Dialectical collapse

Edward Upward The coming day and other stories Enitharmon 2000, pp151, £7.99

The fact that Edward Upward is producing new work well into his 90s is testimony to his unique ability as well as to the intellectual forge in which he created his literary method.

Upward was the youthful creator, alongside his equally legendary contemporary, Christopher Isherwood, of 'Mortmere', a game that they began as undergraduates at Cambridge in the 1920s. Upward fashioned this terrifying, anarchistic inversion of the English countryside into The railway accident (1928) - a highly individualistic excursion into the surreal.

Whilst Isherwood was able to leave Mortmere behind fairly comfortably, Upward was faced with the problem of translating the freaks and bogeys of his imagination into the social world at large, which, judging from his writings, led to severe literary and personal problems.

Eventually he joined the Communist Party of Great Britain in 1932. Upward was not alone. The CPGB influenced a whole strain of British writers in this period (Cornford, Caudwell, Auden, Spender) and in doing so was able to create a literary culture of lasting repute. This episode has of course been undergoing something of an intellectual renaissance recently. However, Upward's work remains little more than a footnote, precisely because his joining of the Party left him fighting for his literary life.

This depressing circumstance is illustrated in The railway accident and other stories (1972), showing his development from surrealism, through the high-octane psychological torment of 'Journey to the border', and ending in the flat, naturalistic propaganda of 'New order'. The absent literary qualities of this dreadful prose can be gleaned from a statement of Upward's in a 1937 essay: "No book written at the present time can be 'good' unless it is written from a Marxist or near-Marxist viewpoint."

Predictably enough, Upward ended up by starving his talent, publishing nothing between 1942 and 1962, and disowning his earlier Mortmere fantasies as subversive and delinquent. The author's internal struggle to adjust his literary and political existence are pictured in his best books, In the thirties and The rotten elements (which form part of a trilogy - The spiral ascent).

In the latter work, Alan Sebrill (Upward's fictionalised self) suffers a breakdown after finding himself outside the CPGB and unable to write poetry. Upward and his wife Hilda similarly left the Party in 1948 after a principled factional struggle against the CPGB's developing reformism.

Since the 1970s the name of Edward Upward has dropped out of literary fashion, despite his partial return to the creative methods of his youth. Indeed Upward has become a masterful depicter of dreams and their fusion into the real world. However, although Upward's literary skill is not up for question, it remains doubtful as to whether his later books top his earlier achievement.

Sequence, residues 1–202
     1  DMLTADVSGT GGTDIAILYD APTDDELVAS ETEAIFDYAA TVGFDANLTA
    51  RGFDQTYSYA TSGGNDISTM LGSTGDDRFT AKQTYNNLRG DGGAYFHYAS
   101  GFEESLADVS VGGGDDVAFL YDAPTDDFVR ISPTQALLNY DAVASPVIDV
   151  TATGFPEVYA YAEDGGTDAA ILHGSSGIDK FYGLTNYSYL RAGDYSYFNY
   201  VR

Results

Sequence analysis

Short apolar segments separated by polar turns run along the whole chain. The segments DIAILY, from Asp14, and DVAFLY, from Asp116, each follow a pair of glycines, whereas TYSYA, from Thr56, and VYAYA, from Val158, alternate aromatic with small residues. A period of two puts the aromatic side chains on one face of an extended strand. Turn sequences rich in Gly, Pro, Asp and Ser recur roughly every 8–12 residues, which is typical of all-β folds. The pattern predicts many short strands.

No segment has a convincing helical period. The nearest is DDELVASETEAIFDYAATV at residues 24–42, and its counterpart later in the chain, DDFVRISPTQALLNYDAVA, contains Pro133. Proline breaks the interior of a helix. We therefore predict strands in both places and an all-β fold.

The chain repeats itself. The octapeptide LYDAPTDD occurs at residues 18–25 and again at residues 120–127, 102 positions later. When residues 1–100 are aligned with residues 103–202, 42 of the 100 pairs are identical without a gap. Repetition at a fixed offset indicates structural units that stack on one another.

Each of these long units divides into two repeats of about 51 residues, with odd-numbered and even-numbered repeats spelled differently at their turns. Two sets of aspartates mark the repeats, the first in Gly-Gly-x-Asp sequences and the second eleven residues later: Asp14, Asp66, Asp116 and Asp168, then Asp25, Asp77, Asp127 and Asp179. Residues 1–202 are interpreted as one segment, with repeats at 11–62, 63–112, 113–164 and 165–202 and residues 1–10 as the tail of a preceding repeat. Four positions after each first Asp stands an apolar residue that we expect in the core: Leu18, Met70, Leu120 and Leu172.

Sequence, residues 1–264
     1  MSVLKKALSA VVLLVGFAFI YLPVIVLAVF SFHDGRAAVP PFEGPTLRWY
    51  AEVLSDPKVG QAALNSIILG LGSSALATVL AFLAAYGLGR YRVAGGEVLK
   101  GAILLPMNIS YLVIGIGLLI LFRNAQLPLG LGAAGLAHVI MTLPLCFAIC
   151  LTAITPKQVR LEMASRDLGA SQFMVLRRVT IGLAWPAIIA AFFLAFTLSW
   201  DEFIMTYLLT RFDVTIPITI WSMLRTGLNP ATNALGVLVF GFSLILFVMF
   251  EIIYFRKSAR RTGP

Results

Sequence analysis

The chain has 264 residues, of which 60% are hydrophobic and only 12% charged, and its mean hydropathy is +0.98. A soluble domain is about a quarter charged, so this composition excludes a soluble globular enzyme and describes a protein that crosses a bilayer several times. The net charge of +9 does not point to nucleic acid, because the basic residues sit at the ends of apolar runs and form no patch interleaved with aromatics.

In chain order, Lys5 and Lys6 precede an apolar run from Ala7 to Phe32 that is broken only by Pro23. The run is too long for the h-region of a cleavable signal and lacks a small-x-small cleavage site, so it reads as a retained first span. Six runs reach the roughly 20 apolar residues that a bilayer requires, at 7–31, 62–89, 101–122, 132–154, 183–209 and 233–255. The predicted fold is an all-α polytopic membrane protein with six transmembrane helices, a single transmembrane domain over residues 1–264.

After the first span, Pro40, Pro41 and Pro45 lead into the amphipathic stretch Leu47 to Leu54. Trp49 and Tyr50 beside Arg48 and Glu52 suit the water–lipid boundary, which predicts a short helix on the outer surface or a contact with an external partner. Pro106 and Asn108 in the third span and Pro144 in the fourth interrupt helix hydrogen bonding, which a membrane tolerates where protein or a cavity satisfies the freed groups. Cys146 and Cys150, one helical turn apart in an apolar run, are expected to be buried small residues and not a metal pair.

Some of this can be traced back to the last part of The spiral ascent - the rather overblown No home but the struggle (1977) where Upward sets undigested fictional recollections of his early life against a final synthesis of prose and politics. Whilst the last pages of this work can be counted amongst the most beautiful and moving in contemporary literature, they merely stack up problems for Upward's later output.

This can be seen in The coming day, which details the escape of Cedric Durcombe from a nursing home. This tale has the genuine moments of humour and absurdity that one comes to associate with the manner in which dreams twist and turn the elements of everyday life. But synthesis is ever present, allowing disturbing episodes, such as when the sadist Goran transports Cedric to an abattoir (our hero sees human bodies amongst the dead pigs).

This turns into farce when the protagonist is quickly discovered by the young, sexually attractive Zaniah, who escorts him to a 'safe house' where they begin a love affair. None of these bizarre episodes leave any real mark on the reader, being absorbed by a breathy narrative structure. This reaches a conclusion when Zaniah joins a band of 'professional revolutionaries', whilst Cedric will return to the 'safe house'. Their leaving is marked by Zaniah saying: "We shall not forget how much we owe to you for the ideas you have given us" (p72).

Clumping the dream structure into this sentimental rationalisation of Upward's life leads us, by a peculiar route, to the simplistic narrative resolutions of 'socialist realism'. The dialectical problems involved here are also shown by Upward's rather wearing tendency in his later work to sift and sort the details of his personal history into dream forms and his continued emphasis on political persecution. We get the feeling that something has been lost.

Which reminds this reader of Upward's hallucinatory picture of a National Unemployed Workers Movement march from In the thirties. Alan Sebrill detaches himself from his Party cell with the individualistic comrade Bainton. Through this separation, Upward paints an unforgettable picture, concentrating on sinister detail: horsemen being felled by marbles, the provocateur, a police truncheon charge. Through this montage we discern human motive forces much more effectively than through tired battle stories.

Bland synthesis is discarded in favour of the clash between Sebrill's rather neurotic observations and the struggle raging around him. Such are the contradictions at the root of all great art.

Upward was clearly never able to replace this political panorama - and its subsequent evocation in his fertile imagination - through later involvement in CND and anti-racist campaigns. It is this sense of loss that tends to mark the relative dialectical collapse exhibited by works such as The coming day.

Phil Watson